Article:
Non-profit managers analyze progress, set goals for a new year


December 30, 1991|By LESTER A. PICKER

The new year is a time for new approaches to old problems, but in today's tough economic environment, many in the non-profit arena feel that taking time to sit back and refresh their perspective is a luxury they cannot afford.

For others, periodic goal-setting, analysis of progress toward objectives and setting new priorities are continuing tasks. These people recognize that despite their toll on staff time, these reappraisals ultimately benefit the organization, increasing its competitiveness when it is most needed.

Frequently, these executives use New Year's as a convenient break point to set personal and professional goals. As I gathered New Year's resolutions from a sampling of directors of Baltimore-area non-profit organizations, I was struck at how many focused on the customer.

I've recently had the chance to observe a large Maryland non-profit organization embark on an exciting self-examination that will radically change the way it operates in 1992 and beyond. The blood services side of the Maryland Chapter of the American Red Cross just completed a two-day retreat for its senior staff in which they grappled with the implications of Total Quality Management for the organization.

It appeared to be a positive experience for all participants, an observation borne out by the fact that David Simms, head of the blood services division, decided to link the process to his New Year's resolutions.

"One of my resolutions is to insure that we treat all of our blood donors, volunteers and hospital customers the way we would want to be treated if we were in those positions," he said. "In other words, put their interests first in everything we do. Coupled with that, I am also resolving to do my part in bringing the management to do everything possible to support the front-line staff, so they can best serve our customers."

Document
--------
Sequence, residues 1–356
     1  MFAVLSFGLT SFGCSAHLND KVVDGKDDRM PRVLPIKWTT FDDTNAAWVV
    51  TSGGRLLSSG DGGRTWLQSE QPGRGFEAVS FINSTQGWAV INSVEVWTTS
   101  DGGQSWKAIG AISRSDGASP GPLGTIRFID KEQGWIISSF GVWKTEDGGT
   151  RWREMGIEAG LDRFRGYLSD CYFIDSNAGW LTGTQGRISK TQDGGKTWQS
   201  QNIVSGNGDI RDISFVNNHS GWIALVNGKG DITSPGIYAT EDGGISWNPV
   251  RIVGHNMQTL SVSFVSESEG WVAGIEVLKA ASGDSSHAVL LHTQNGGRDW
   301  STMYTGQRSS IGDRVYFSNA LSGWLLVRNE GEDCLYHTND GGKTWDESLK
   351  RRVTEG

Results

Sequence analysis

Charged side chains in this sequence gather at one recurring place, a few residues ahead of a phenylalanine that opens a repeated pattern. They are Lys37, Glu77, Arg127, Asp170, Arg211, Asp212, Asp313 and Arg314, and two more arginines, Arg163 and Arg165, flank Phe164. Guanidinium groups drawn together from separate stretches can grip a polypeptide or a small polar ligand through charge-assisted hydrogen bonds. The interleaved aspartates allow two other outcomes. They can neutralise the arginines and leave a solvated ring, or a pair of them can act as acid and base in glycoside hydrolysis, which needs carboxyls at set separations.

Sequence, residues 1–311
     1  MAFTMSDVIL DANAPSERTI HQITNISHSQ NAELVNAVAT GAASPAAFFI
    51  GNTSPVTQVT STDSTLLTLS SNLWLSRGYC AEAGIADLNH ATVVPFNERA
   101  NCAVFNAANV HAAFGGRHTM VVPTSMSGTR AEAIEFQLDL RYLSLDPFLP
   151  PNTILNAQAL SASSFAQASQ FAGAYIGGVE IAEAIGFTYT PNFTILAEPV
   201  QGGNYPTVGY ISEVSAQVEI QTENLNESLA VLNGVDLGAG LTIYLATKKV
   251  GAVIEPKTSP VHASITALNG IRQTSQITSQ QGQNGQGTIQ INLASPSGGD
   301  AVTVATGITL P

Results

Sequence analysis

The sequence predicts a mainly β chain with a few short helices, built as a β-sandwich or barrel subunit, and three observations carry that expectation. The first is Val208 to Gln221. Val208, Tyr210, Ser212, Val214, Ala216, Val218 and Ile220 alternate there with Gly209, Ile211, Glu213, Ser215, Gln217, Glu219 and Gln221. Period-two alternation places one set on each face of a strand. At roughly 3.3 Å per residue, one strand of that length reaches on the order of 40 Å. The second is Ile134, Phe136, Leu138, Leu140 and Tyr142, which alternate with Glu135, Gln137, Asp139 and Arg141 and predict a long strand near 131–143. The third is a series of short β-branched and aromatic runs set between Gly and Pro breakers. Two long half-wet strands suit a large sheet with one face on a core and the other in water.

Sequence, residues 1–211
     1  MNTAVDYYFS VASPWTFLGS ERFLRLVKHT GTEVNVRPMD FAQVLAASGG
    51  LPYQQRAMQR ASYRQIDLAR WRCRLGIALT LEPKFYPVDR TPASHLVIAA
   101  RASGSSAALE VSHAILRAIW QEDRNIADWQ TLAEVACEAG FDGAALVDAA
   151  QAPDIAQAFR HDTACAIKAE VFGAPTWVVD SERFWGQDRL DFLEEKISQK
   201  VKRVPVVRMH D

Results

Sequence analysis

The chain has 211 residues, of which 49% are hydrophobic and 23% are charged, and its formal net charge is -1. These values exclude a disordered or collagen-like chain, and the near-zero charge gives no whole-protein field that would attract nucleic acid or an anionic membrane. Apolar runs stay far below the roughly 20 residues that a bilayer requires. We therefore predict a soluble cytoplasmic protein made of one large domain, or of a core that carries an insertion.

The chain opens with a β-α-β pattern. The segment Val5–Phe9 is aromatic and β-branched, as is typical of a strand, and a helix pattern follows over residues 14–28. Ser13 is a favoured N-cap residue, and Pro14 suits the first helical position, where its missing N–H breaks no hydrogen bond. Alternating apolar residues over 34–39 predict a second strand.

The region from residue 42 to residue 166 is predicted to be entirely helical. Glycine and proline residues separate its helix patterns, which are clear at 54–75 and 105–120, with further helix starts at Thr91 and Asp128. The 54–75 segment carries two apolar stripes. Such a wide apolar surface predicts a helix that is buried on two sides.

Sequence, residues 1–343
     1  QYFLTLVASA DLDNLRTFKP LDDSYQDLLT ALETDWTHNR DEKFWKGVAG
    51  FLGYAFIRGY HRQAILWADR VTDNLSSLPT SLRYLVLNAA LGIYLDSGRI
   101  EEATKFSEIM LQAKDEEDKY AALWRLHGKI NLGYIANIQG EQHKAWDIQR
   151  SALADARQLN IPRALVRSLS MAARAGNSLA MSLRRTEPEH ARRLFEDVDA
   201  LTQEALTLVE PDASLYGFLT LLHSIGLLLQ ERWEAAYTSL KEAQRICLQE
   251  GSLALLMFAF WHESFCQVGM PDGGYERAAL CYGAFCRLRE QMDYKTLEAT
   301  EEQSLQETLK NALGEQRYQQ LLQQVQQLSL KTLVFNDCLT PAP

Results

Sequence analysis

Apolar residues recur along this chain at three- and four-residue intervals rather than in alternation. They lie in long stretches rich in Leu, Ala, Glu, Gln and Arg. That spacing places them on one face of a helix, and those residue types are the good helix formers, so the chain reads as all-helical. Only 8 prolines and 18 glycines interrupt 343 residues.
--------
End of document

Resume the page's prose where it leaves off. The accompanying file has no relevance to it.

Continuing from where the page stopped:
At the Maryland Food Bank, one of the better-known and more effective non-profits in the region, Executive Director Bill Ewing and his staff have just begun the process of examining and redefining their mission statement and looking at their customer delivery systems in terms of quality controls.

After a lot of self-examination, Mr. Ewing responded to my request for his resolutions with this:

"For 1992, I'd like to maximize our efforts as a food resource and also allow us to give something less tangible, but just as nourishing -- a sense of real caring for our customers."

Pressed for more details, Mr. Ewing said: "The needs will be greater next year. Maryland's emergency care providers will have to work harder in 1992 with fewer dollars. I'm concerned about that and am committed to finding ways to help them with more than just more food."

Worlds away in terms of mission is the Baltimore Symphony Orchestra, which now enjoys a world-class reputation. Committed to maintaining that high standard, the BSO has launched a series of activities aimed at listening to the needs of audiences, its own musicians and its administrative staff.

Executive Director John Gidwitz's resolution for 1992 speaks to those goals:

"I want to give more opportunities to the talented staff members of the BSO to develop and carry out their ideas for the orchestra," which include some creative ways to address customer needs.

Mr. Gidwitz and everyone at the BSO work hard to maintain open lines of communication so musicians and administrators stay focused on common goals. One result, he said, has been a positive working relationship between the two groups despite the fact they sit on opposite sides of the table during contract negotiations.

Paying attention to what "internal markets" -- staff, board members, volunteers -- want is the most critical first step toward creating an effective organization, whether for-profit or non-profit. This includes many activities, ranging from enabling staff to be their most creative to beefing up active listening skills.

Today's non-profit marketplace is more competitive than ever before. Some tried-and-true approaches have tired and are no longer as effective as they were a few years ago. One of my resolutions for 1992 is to fine-tune my listening skills so the solutions our company develops with our clients are as creative and effective as possible.

Unfortunately, that doesn't cut the mustard for my editor. For him I resolve to stay ahead of deadline every week.

Well, OK, except for next week, 'cause there's this conference I should attend, and . . .

Les Picker, a consultant in the field of philanthropy, works with charitable organizations and for-profit companies.

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